land-use regulation

Seattle Millennials Should Move to Houston

The Seattle Post-Intelligencer says it has found the best Seattle homes for Millennials. Judging by the former paper’s suggestions, Seattle Millennials should move to Houston. Houston may not have Mt. Rainier, but it has beautiful lakes, a sea coast that is just about as nice as Washington’s (though not as nice as Oregon’s), and most important, it doesn’t have urban-growth boundaries which means it has much more affordable housing.


Click any photo to go to the listing for that property.

The P-I’s first suggestion is a 720-square foot, two-bedroom, one-bath home on a 5,000-square-foot lot. On the plus side, the living room has hardwood floors. On the minus side, the asking price is $259,950–and if Seattle’s housing market is anything like Portland’s, it will go for more than that. At the asking price, the cost is $361 per square foot.

As an alternative, allow me to suggest this 720-square-foot home in Houston’s University Area, not too far from downtown. It has new paint and an updated kitchen and, like the Seattle home, it is on a 5,000-square-foot lot. Unlike the Seattle home, the cost is just $86,500, just under a third of the Seattle house. That’s just $120 per square foot–and the sellers will probably accept a little less.

More Regulation Won’t Make Housing Affordable

A new Housing Policy Toolkit from the White House admits that “local barriers to housing development have intensified,” which “has reduced the ability of many housing markets to respond to growing demand.” The toolkit, however, advocates tearing down only some of the barriers, and not necessarily the ones that will work to make housing more affordable.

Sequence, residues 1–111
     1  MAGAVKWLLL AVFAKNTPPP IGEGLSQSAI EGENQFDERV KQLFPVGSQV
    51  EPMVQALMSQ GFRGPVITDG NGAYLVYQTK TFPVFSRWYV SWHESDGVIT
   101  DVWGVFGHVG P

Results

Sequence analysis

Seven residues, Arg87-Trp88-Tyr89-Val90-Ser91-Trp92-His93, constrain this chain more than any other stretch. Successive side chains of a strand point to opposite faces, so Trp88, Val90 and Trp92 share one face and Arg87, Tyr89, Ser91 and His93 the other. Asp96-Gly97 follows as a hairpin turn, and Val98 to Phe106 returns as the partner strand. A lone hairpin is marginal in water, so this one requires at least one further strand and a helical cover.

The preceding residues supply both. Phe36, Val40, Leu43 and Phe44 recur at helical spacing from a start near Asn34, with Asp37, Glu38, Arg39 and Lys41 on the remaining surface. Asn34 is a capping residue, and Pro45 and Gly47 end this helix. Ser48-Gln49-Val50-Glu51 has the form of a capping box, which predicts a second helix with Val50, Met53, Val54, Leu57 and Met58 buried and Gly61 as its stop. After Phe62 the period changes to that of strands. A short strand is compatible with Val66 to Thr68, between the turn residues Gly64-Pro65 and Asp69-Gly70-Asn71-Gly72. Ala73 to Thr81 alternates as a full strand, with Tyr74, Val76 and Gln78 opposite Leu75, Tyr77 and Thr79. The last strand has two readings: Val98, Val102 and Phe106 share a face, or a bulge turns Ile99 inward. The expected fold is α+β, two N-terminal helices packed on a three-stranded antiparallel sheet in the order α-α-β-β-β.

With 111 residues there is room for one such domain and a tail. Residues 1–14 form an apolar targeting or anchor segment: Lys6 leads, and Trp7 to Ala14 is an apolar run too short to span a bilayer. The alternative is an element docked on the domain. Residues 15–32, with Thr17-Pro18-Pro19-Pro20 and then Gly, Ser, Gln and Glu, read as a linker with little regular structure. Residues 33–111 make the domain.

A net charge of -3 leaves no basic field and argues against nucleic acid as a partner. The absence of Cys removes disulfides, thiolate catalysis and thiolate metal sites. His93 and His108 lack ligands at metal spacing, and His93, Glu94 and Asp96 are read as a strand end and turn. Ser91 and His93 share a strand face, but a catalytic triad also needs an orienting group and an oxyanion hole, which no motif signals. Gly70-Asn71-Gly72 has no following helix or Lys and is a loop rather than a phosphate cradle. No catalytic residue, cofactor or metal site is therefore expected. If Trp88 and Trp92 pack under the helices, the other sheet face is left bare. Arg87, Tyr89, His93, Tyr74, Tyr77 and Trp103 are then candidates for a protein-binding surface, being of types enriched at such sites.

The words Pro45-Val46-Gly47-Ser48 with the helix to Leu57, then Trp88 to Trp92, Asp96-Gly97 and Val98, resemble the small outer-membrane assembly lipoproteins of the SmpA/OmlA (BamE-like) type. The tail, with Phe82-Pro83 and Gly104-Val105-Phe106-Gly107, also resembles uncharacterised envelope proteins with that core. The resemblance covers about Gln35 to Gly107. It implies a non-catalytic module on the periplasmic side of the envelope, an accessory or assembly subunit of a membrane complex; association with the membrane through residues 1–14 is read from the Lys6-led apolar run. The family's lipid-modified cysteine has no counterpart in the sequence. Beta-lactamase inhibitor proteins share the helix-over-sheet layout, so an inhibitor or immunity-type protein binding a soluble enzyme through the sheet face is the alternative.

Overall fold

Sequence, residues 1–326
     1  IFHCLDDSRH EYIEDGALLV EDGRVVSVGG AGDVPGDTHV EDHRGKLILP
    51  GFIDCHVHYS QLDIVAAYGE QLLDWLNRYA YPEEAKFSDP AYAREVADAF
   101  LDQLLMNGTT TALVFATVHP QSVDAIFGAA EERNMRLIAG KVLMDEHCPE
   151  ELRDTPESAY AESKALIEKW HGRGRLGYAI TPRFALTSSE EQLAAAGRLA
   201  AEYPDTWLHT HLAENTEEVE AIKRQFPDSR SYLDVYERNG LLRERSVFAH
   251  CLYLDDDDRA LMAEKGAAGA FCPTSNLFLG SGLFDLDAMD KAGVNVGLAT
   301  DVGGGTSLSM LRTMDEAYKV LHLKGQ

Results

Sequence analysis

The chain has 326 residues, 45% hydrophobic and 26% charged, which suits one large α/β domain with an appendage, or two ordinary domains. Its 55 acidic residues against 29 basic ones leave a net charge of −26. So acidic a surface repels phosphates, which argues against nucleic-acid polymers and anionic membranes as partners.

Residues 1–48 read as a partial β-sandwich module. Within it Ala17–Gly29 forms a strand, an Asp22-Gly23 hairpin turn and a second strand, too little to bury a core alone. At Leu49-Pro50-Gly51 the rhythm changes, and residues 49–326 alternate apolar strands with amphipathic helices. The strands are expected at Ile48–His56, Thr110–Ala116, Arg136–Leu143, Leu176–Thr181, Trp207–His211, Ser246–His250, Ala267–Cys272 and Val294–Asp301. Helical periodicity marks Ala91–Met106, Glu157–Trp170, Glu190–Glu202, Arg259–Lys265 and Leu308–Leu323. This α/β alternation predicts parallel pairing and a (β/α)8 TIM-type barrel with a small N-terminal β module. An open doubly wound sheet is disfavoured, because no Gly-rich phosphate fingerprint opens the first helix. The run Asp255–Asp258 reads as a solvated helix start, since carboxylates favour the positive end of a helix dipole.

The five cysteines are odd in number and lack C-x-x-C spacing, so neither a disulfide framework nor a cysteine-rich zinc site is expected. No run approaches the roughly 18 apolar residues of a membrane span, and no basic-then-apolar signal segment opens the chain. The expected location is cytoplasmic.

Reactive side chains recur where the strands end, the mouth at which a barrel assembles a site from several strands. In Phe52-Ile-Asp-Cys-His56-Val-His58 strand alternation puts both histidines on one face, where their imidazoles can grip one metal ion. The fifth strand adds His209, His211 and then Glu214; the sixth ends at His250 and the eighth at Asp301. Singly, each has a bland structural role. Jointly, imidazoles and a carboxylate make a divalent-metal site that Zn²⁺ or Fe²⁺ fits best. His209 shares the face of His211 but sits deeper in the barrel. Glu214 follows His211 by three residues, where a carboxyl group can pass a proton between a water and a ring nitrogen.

“Sunbelt cities with more permeable boundaries have enjoyed outsized growth by allowing sprawl to meet their need for adequate housing supply,” says the toolkit. “Space constrained cities can achieve similar gains, however, by building up with infill.” Yet this ignores the fact that there are no cities in America that are “space constrained” except as a result of government constraints. Even cities in Hawaii and tiny Rhode Island have plenty of space around them–except that government planners and regulators won’t let that space be developed.

Instead of relaxing artificial constraints on horizontal development, the toolkit advocates imposing even tighter constraints on existing development in order to force denser housing. The tools the paper supports include taxing vacant land at high rates in order to force development; “enacting high-density and multifamily zoning,” meaning minimum density zoning; using density bonuses; and allowing accessory dwelling units. All of these things serve to increase the density of existing neighborhoods, which increases congestion and–if new infrastructure must be built to serve the increased density–urban-service costs.

Urban areas with regional growth constraints suffered a housing bubble in the mid-2000s and are seeing housing prices rise again, making housing unaffordable. Source: Federal Housing Finance Agency home price index, all transactions.

Subscribe to RSS - land-use regulation